EV battery recycling won't become a major business until 2030, according to a new report from research firm Wood Mackenzie.
Recycling used EV battery packs has been discussed as a way to lessen demand on resources, but it will be difficult for recyclers to achieve competitiveness on cost and volume, or even find enough battery packs to recycle, according to the report.
While battery recycling has gained some traction with portable electronics, EV battery packs are inherently more difficult to disassemble into individual cells in order to separate recyclable materials, the report said. That makes it unlikely that recyclers will be able to match the volumes of new battery production, according to the report.
Volkswagen battery recycling
New batteries also cost less to produce, and manufacturers are shifting to cheaper materials that could further change the cost equation, the report said. Automakers are also looking beyond the currently dominant lithium-ion chemistry to solid-state cells, which would require recyclers to change their processes, the report noted.
The report also predicted that the supply of recyclable EV battery packs will remain limited for the time being. That's because relatively few EVs were sold earlier in the decade, and newer ones are expected to last longer.
Consequently, recycling capacity will exceed the supply of recyclable battery packs in 2030, leaving recyclers "scrambling" for packs, the report predicted. However, an expected ramp up in EV production over the next decade could eventually alleviate that imbalance, the reported noted.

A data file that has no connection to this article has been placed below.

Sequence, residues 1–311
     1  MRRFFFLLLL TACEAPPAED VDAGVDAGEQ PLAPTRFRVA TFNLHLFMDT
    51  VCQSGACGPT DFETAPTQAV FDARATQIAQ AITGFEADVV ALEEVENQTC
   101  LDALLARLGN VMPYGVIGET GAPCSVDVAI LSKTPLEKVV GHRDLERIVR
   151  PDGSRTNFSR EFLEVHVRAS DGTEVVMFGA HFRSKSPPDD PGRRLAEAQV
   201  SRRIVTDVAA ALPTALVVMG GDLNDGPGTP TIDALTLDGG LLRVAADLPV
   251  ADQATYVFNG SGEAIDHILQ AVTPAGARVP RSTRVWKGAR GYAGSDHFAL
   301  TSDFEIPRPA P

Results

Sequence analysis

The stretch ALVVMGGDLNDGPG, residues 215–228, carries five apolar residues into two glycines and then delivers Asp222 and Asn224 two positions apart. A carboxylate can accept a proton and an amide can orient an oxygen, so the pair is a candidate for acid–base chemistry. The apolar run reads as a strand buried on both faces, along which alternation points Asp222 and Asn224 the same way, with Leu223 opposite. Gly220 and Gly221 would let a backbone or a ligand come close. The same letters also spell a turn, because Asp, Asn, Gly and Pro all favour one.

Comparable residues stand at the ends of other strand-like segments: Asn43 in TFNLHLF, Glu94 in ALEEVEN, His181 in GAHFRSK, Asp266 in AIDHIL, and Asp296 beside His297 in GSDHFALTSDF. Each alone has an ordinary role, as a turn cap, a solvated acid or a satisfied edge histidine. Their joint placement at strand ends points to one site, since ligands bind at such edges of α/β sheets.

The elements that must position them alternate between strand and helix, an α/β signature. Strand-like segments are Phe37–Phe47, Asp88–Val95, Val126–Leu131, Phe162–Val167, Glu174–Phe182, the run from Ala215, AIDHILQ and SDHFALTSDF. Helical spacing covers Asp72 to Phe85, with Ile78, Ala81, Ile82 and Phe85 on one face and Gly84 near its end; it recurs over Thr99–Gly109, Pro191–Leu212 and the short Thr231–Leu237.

Rendering of proposed Redwood Materials cathode factory
So while the Biden administration is pushing for more development of a battery recycling infrastructure, there might not be many packs for it yet.
The same goes for a number of recently announced automaker initiatives that aim to recover a high percentage of materials. Ford has partnered with JB Straubel's Redwood Materials, while General Motors has partnered with Li-Cycle. Volkswagen claims to have developed its own process that can recover 95% of EV batteries' raw materials.
Prior to recycling there may also be other uses for EV battery packs. Several automakers have discussed repurposing them for stationary energy storage, and there have been other innovative independent efforts. One California-based company, for example, has built an energy-storage array using 160 Nissan Leaf battery packs.